Outsourcing can provide a laboratory with an expanded range of options and tools to conduct its work. Those options can reduce
operating costs, allow a laboratory to take advantage of techniques that might not otherwise be available, cross-check results,
handle an unusual surge in samples, and develop automation systems. This is particularly true for laboratories that provide
analytical or physical property testing support for process development or quality control.
To use outside services effectively, the laboratory must understand the way it functions and how it will manage the outsourced
services and the results of its work. Whether the outsourced company provides testing, method development support, or hardware
and software systems design and implementation, it should be considered as an extension of a laboratory.
In a regulated environment, the laboratory is responsible for the quality and conduct of its suppliers. The contract service
organization is in effect a virtual laboratory, subject to all of the requirements that your laboratory has to meet, including
validation and regulatory requirements. This article discusses some of the considerations in outsourcing laboratory testing,
method development, and the design of automation systems.
Outsourcing Testing Operations
In many respects, testing operations are similar to manufacturing operations. Samples are processed according to well-defined
procedures, and information (e.g., test results, the end product of a testing laboratory's work) are recorded and sent to
the customer (R&D, process development, process control, etc.). Thinking about a laboratory in that sense allows us to model
outsourcing operations in much the same way a manufacturing plant outsources parts of its operations, with the same considerations
for quality management and regulatory issues.
When selecting an outside laboratory to conduct analytical tests, the following need to be considered:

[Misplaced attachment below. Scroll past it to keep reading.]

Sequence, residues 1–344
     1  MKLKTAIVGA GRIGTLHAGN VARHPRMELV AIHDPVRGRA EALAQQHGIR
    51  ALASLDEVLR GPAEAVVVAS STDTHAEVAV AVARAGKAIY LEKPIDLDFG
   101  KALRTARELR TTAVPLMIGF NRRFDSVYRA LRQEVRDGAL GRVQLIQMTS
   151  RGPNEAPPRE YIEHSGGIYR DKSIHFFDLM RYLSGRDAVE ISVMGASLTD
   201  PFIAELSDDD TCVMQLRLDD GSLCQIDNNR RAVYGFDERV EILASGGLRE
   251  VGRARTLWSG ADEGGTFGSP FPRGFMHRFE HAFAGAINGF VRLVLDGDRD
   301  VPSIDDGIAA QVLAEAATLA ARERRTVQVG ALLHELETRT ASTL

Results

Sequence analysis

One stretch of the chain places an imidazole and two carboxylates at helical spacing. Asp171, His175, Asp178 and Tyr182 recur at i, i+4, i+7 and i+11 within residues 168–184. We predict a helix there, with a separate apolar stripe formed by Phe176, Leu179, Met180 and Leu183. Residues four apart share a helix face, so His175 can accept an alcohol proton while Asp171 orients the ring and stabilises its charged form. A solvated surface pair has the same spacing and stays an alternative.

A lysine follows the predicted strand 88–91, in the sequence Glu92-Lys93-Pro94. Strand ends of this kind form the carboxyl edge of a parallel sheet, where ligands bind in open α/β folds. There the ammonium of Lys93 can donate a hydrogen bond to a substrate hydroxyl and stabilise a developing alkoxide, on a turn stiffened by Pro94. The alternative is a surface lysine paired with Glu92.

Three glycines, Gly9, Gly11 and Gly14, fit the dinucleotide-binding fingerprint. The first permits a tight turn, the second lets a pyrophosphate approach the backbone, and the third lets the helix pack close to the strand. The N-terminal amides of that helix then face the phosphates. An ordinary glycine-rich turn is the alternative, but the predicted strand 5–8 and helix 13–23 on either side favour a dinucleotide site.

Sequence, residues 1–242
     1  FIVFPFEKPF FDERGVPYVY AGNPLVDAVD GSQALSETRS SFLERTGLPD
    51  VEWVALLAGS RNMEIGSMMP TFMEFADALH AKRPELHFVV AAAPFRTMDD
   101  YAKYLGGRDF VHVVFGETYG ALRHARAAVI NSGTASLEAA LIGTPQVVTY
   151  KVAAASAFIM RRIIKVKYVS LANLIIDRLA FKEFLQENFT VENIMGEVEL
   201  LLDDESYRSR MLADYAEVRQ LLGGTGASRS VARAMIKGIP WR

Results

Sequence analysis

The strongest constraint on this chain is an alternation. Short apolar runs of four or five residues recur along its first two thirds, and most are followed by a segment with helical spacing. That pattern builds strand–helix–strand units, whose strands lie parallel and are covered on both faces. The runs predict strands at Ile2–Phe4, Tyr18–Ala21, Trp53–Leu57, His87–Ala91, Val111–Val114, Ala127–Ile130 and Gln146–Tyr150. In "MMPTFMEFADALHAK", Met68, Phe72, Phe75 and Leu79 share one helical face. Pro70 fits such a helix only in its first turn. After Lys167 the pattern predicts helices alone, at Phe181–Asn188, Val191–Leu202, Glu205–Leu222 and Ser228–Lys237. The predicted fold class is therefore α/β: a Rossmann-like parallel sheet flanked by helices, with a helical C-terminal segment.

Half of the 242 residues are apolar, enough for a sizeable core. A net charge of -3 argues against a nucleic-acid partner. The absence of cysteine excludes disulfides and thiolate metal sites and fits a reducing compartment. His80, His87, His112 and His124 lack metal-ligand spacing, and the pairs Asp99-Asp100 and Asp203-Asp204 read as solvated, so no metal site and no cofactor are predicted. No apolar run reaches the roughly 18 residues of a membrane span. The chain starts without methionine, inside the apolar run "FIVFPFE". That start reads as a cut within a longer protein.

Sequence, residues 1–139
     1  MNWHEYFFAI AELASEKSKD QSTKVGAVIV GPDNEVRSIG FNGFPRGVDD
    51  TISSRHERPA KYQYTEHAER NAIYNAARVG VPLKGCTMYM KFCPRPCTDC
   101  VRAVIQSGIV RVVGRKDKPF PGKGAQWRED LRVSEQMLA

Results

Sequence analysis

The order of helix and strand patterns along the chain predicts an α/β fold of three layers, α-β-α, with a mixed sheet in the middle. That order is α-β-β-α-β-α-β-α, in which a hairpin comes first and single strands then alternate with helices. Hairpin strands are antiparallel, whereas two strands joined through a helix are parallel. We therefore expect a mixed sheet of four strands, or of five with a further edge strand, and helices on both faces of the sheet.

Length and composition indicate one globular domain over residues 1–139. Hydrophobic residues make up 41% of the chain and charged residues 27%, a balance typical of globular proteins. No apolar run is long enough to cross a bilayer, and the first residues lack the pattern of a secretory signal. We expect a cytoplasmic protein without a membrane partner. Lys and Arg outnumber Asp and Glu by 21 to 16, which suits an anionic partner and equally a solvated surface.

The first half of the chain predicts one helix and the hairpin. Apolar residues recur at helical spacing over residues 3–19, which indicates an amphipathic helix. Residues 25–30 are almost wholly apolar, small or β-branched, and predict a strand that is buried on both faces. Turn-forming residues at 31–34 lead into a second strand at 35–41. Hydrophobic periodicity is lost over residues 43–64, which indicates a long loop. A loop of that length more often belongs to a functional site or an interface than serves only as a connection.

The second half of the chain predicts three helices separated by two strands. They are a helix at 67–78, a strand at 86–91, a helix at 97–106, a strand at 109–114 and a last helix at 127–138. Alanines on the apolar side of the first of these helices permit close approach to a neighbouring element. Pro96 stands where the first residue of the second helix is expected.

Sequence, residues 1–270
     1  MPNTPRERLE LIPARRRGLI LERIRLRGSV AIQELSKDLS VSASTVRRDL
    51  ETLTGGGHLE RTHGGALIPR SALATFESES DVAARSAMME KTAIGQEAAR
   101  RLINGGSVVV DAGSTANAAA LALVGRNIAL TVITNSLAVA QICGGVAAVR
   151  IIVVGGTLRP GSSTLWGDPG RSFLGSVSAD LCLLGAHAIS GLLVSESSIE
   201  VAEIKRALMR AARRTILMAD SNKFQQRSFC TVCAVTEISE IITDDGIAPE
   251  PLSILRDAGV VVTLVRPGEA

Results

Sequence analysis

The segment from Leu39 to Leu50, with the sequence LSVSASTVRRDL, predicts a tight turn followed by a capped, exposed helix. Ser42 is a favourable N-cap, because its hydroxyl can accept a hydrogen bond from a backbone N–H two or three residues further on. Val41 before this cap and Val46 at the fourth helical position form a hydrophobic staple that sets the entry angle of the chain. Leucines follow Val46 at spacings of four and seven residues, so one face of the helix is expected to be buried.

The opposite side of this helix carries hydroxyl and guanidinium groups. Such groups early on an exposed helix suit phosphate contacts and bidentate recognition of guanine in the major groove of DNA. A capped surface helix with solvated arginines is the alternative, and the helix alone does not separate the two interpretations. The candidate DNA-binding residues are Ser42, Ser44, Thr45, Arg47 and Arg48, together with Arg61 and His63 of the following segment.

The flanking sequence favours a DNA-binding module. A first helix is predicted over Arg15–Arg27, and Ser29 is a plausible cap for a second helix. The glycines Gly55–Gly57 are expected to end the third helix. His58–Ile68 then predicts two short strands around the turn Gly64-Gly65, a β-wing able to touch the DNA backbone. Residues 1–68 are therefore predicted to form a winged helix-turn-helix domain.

1. Does the contract laboratory have experience with the types of materials and test methods it will be using?
2. How will you ensure confidentially of test methods and the results of the work?
3. How will the laboratory's employees be trained to handle your project?
4. What procedures will be put in place to check the quality of work? How will discrepancies be addressed?
5. What validation protocol will be used to support the outsourcing program?
6. What equipment will be used to conduct the testing?
7. How will the results of the work be reported? What formats will be used?
The first five questions mentioned above should be outlined in the contract between your laboratory and the provider. The
final two items are not as easily defined because they rely on automated systems for data acquisition and analysis. For example,
let's assume that the test procedure is an assay using liquid chromatography (Figure 1). The instrument is connected to a
data station that acquires, processes, and stores the data in a laboratory information management system (LIMS). Your laboratory's
systems are from XYZ company, and the format of the data in the data station is unique to XYZ as are the methods used to analyze
the data. If you and the contract service organization use incompatible equipment, your test results data also will be incompatible.
It may not be possible to reevaluate results from the acquired data and you may have to repeat the analysis, unless manual
calculations from reported peak parameters are acceptable. Having an agreement with the contractor to maintain the data on
its systems and provide you with a copy can mitigate this situation. Keep in mind, however, that the data lifecycle may be
decades, and you can't be sure that the contractor will be in business that long or that its archiving systems are adequate.
Figure 1. A test procedure of an assay using liquid chromatography